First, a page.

Circulating Concentrations of Insulin Resistance-Associated Hepatokines, Selenoprotein P and Leukocyte Cell-Derived Chemotaxin 2, during an Oral Glucose Tolerance Test in Humans

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Author(s)

    • Mohri Kensuke Mohri Kensuke
    • Department of Endocrinology and Metabolism, Kanazawa University Graduate School of Medical Sciences|Department of System Biology, Kanazawa University Graduate School of Medical Sciences
    • Ishii Kiyo-aki Misu Hirofumi
    • Department of Endocrinology and Metabolism, Kanazawa University Graduate School of Medical Sciences|PRESTO, Japan Science and Technology Agency
    • Kikuchi Akihiro Takayama Hiroaki
    • Department of Endocrinology and Metabolism, Kanazawa University Graduate School of Medical Sciences|Department of System Biology, Kanazawa University Graduate School of Medical Sciences
    • Lan Fei Ishii Kiyo-aki
    • Department of Endocrinology and Metabolism, Kanazawa University Graduate School of Medical Sciences|Department of System Biology, Kanazawa University Graduate School of Medical Sciences
    • Takeshita Yumie Lan Fei
    • Department of System Biology, Kanazawa University Graduate School of Medical Sciences|Department of Endocrinology and Metabolism, Chengdu First People's Hospital
    • Saito Yoshiro Enyama Yasufumi
    • Department of Endocrinology and Metabolism, Kanazawa University Graduate School of Medical Sciences|Department of System Biology, Kanazawa University Graduate School of Medical Sciences
    • Takamura Toshinari Saito Yoshiro
    • Laboratory of Molecular and Biochemical Toxicology, Graduate School of Pharmaceutical Sciences, Tohoku University|Department of Medical Life Systems, Faculty of Life and Medical Sciences, Doshisha University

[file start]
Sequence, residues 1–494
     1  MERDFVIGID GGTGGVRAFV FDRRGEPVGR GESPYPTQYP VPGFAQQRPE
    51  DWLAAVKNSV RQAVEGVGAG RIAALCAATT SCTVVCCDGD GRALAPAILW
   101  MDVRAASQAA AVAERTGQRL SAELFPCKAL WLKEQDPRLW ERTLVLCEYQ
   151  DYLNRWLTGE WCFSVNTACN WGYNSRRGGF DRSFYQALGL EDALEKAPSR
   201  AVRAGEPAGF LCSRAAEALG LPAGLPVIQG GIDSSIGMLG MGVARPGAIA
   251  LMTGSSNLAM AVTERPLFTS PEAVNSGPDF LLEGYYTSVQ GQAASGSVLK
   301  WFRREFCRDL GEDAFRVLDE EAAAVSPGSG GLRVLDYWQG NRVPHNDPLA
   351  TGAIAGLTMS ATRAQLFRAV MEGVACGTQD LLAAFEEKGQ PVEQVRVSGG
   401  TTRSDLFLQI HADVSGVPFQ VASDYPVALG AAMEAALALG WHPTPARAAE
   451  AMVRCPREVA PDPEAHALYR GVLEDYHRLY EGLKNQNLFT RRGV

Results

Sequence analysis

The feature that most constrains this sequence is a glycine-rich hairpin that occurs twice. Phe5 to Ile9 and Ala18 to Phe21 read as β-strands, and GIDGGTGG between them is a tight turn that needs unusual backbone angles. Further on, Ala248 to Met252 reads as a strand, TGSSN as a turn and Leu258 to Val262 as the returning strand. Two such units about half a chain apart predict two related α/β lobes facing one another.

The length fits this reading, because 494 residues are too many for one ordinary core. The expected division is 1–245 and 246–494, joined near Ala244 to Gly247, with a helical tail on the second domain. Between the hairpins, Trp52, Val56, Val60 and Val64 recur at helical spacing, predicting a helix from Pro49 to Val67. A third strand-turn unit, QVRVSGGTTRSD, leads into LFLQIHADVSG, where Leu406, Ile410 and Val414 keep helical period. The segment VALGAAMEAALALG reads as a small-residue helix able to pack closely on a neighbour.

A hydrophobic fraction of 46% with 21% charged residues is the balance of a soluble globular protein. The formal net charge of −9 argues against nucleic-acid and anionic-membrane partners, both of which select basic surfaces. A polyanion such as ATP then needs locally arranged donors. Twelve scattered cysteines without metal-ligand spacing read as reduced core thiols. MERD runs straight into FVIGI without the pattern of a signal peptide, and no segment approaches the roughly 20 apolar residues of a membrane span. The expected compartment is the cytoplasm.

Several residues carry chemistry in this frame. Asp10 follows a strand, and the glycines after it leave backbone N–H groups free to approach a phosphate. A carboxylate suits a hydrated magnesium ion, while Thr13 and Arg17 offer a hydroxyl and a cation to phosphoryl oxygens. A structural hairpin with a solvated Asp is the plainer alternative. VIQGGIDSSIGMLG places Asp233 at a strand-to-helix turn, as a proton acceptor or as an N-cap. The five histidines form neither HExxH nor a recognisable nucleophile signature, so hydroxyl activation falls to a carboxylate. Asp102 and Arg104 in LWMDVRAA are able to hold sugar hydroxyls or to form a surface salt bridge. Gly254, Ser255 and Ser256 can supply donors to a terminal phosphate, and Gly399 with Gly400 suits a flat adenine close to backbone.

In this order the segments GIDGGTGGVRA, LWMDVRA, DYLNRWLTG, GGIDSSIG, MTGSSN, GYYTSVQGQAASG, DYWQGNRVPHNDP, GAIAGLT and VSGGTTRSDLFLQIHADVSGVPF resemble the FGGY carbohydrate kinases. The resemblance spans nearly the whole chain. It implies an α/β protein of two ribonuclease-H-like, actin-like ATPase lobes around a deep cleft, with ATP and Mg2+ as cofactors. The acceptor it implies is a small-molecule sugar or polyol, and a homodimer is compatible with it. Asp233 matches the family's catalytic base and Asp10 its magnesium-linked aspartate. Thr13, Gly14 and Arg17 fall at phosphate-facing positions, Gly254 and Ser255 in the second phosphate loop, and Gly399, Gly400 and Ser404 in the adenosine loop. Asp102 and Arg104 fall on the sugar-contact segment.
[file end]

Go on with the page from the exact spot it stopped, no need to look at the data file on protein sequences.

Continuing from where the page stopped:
Abstract

<p>A hepatokine is a collective term for liver-derived secretory factors whose previously-unrecognized functions have been recently elucidated. We have rediscovered selenoprotein P (SeP) and leukocyte cell-derived chemotaxin 2 (LECT2) as hepatokines that are involved in the development of insulin resistance and hyperglycemia. The aim of this study was to determine whether and, if so, how oral glucose loading alters the two hepatokines in humans. We measured concentrations of serum SeP and plasma LECT2 during 75 g oral glucose tolerance test (OGTT) (<i>n</i> = 20) in people with various degrees of glucose tolerance. In OGTT, concentrations of both serum SeP and plasma LECT2 decreased at 120 min compared with the baseline values, irrespective of the severity of glucose intolerance. Decrement of serum SeP during OGTT showed no correlations to the clinical parameters associated with insulin resistance or insulin secretion. In multiple stepwise regression analyses, plasma cortisol was selected as the variable to explain the changes in plasma concentrations of LECT2. The current data reveal the acute inhibitory actions of oral intake of glucose on circulating SeP and LECT2 in humans, irrespective of the severity of glucose intolerance. This study suggests that circulating SeP is regulated by the unknown clinical factors other than insulin and glucose during OGTT.</p>

Journal

  • Biological and Pharmaceutical Bulletin

    Biological and Pharmaceutical Bulletin 42(3), 373-378, 2019

    The Pharmaceutical Society of Japan

Codes

  • NII Article ID (NAID)
    130007607371
  • NII NACSIS-CAT ID (NCID)
    AA10885497
  • Text Lang
    ENG
  • ISSN
    0918-6158
  • NDL Article ID
    029543538
  • NDL Call No.
    Z53-V41
  • Data Source
    NDL  J-STAGE 
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